New Path, New Life Reentry Initiative


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New Path, New Life Reentry Initiative
By Gail Boise, Administrative Officer,  Montana Correctional Enterprises ;Gayle Lambert, Administrator, Montana Correctional Enterprises; and Sam Casey, DOC Reentry Manager, Montana Correctional Enterprises

The Montana Department of Corrections (MTDOC) has a unique perspective on the offender population with an 80-20 philosophy.  The MT DOC’s goal is to have 80% of the offenders under community supervision, which includes pre release centers, treatment facilities or under the supervision of probation and parole officers and only 20% in secure prison facilities.  MT DOC places offenders in the least restrictive environment required for their crime while maintaining public safety as the highest priority, which provides offenders the opportunity for addiction treatment and rehabilitation while remaining under the direction of the MT DOC.

Maintaining the 80-20 balance has been a goal that has been set by Governor Brian Schweitzer and MT DOC is committed to achieving this goal by looking at new and innovative ways to handle the offender population.

MT DOC understands the importance of building and maintaining powerful partnerships and has found that the solutions to offender reentry does not fall solely on the Department of Corrections, as many entities have a stake in offender reentry such as family services, law enforcement, mental health programs and on the citizens of Montana.

Since 2009, Montana Correctional Enterprises Administrator Gayle Lambert and DOC Reentry Coordinator Sam Casey have been working closely with the Billings Area Reentry Task Force (BARTF) and MSU Billings, in Montana’s largest community, to implement collaborative initiatives that will assist offenders in the transition from prison to community.  The BARTF is a community based group made up of people from the MT DOC, Montana Department of Labor and Industry, Montana State University Billings, law enforcement, and community partners involved in housing, employment, mental health, addiction, parenting, Native American and other organizations.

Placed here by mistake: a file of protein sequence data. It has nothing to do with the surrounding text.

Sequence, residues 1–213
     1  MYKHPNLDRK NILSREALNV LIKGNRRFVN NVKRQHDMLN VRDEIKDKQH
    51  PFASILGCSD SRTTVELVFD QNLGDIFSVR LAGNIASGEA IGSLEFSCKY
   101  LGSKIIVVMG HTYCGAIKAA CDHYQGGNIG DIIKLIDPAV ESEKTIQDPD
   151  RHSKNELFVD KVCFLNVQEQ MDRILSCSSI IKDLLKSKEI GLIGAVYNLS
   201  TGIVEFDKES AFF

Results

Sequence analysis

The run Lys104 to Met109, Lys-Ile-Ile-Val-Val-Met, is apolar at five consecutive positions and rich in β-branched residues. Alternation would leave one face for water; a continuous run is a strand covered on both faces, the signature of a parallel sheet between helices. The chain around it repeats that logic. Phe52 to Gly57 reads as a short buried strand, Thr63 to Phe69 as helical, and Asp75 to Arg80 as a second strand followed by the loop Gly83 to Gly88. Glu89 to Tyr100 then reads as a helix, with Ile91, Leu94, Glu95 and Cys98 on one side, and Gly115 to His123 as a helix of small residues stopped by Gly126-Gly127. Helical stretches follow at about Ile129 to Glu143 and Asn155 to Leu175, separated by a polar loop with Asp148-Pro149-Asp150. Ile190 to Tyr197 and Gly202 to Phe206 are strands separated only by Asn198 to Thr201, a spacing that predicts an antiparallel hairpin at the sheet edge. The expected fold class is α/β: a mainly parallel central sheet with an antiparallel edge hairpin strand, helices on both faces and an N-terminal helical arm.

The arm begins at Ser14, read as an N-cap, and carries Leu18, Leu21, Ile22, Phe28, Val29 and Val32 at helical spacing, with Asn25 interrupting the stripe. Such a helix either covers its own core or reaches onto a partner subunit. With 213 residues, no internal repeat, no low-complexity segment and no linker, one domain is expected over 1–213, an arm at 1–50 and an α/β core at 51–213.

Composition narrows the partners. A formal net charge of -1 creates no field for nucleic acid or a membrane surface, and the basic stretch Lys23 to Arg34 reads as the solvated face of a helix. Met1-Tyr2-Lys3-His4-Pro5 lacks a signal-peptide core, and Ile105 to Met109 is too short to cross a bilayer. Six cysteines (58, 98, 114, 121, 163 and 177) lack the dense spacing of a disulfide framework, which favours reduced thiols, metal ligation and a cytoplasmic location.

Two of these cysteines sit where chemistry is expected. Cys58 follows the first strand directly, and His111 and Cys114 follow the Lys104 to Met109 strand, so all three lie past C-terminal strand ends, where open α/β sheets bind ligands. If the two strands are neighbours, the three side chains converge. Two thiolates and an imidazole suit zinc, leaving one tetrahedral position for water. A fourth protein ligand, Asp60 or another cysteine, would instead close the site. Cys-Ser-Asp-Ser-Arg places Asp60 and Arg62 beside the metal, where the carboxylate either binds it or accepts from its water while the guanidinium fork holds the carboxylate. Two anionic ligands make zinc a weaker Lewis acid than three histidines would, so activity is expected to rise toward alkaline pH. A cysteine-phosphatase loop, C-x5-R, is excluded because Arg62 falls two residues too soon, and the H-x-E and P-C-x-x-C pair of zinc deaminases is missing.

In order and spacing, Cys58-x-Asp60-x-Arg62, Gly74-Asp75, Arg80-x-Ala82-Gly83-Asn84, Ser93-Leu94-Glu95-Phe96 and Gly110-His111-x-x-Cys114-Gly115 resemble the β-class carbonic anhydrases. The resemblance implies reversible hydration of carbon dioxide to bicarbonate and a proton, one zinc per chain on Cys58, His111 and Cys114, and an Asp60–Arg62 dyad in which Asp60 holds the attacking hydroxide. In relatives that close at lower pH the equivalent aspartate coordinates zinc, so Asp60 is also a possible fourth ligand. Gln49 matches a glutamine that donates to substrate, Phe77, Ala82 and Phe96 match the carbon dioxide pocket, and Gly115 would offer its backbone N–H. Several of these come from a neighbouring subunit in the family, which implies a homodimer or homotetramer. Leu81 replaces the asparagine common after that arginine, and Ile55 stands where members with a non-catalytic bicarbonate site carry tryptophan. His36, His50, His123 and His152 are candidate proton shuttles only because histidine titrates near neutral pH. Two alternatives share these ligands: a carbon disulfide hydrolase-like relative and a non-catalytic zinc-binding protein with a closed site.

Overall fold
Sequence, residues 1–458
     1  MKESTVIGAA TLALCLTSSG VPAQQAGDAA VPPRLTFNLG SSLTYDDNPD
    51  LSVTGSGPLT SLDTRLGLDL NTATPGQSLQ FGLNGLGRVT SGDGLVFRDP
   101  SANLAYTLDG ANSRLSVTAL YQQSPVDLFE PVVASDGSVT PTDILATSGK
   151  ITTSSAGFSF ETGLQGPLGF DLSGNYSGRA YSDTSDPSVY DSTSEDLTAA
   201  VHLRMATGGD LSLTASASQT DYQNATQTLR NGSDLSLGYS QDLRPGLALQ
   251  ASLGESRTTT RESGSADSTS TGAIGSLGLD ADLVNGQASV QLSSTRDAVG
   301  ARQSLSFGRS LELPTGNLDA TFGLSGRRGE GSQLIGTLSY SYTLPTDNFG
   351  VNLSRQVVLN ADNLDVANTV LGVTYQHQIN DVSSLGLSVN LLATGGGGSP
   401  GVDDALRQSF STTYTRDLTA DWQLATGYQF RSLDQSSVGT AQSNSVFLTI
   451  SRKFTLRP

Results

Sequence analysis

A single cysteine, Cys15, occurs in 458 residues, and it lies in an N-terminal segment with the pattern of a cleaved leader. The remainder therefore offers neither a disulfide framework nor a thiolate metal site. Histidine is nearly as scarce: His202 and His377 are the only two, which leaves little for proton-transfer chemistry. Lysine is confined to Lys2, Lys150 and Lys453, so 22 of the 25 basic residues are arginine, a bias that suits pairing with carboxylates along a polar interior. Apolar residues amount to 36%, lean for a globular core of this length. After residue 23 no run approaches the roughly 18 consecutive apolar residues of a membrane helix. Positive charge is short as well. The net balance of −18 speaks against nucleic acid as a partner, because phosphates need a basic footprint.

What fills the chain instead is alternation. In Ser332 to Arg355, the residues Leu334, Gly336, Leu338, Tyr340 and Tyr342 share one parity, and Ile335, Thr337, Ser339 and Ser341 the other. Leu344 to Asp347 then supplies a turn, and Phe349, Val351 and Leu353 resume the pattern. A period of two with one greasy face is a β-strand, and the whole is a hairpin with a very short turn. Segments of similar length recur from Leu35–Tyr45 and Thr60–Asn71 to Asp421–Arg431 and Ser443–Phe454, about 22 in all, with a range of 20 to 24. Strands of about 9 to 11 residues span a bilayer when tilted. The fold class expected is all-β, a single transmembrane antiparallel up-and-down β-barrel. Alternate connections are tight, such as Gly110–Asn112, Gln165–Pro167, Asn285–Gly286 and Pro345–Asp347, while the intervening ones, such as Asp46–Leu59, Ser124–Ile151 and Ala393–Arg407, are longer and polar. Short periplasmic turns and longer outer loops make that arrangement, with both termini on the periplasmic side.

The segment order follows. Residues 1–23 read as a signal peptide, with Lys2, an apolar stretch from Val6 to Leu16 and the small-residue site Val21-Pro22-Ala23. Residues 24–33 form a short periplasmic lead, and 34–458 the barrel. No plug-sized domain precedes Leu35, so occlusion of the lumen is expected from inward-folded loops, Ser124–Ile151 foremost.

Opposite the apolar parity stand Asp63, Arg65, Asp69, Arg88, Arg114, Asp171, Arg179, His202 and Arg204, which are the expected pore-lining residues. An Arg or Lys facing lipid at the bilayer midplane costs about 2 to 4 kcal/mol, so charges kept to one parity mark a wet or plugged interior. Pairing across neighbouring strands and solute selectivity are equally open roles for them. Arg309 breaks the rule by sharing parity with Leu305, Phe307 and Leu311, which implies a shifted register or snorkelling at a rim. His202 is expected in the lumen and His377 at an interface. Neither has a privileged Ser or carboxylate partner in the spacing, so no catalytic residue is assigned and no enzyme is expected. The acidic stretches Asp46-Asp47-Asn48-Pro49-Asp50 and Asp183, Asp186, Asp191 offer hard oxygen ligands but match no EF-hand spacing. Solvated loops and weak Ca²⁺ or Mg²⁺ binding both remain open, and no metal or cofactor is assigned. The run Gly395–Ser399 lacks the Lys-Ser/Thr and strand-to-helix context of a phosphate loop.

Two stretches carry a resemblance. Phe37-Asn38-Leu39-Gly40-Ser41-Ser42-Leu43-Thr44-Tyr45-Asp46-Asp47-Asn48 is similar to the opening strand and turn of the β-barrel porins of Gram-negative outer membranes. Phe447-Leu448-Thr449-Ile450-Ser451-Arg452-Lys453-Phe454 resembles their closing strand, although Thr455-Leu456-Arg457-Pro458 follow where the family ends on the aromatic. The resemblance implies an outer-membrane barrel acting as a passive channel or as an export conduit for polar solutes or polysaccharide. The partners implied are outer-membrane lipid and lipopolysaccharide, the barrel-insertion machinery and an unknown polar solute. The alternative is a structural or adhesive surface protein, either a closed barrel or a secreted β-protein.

An inmate worker at the Montana Women’s Prison performing concrete work as part of the workforce training provided by Montana State University Billings

In October 2010 the BARTF received a Second Chance Act Grant of $165,000 to develop a pilot reentry program targeting female offenders who will be released from the Montana Women’s Prison to the Billings area.  This pilot program, named “New Path New Life” focuses on three major areas; employment, housing and healthy relationships and targets the high risk female population, with an emphasis on Native Americans and offenders who have more than one return to prison. The goal of the reentry initiative is to reduce recidivism by 50% for the targeted population.

New Path New Life established a reentry case management team and assesses offenders prior to involvement in the program.  Once accepted, offenders establish goals in the three major areas and meet with the case management team monthly.  The case management team will remain consistent with the offenders while incarcerated, in prerelease and under parole supervision, providing a seamless transition from prison.

The reentry program builds on successful prison programming that was already in place and adds additional services that offenders need to be successful in the often cumbersome transition to the community.

Project Director Kim Gillan, who also is a State Senator, states “a key element of the new project is to determine at what point reentry planning should begin.”  A critical component of the program is utilizing assessments and tools that are validated to reduce recidivism, use best practice models to develop short and long term reentry goals, focusing on the crimogenic risk and needs that affect recidivism outcomes and empowering female offenders to develop individualized reentry plans.

With the help of technical assistance, MT DOC leaders are working to replicate the BARTF reentry model in other communities across Montana.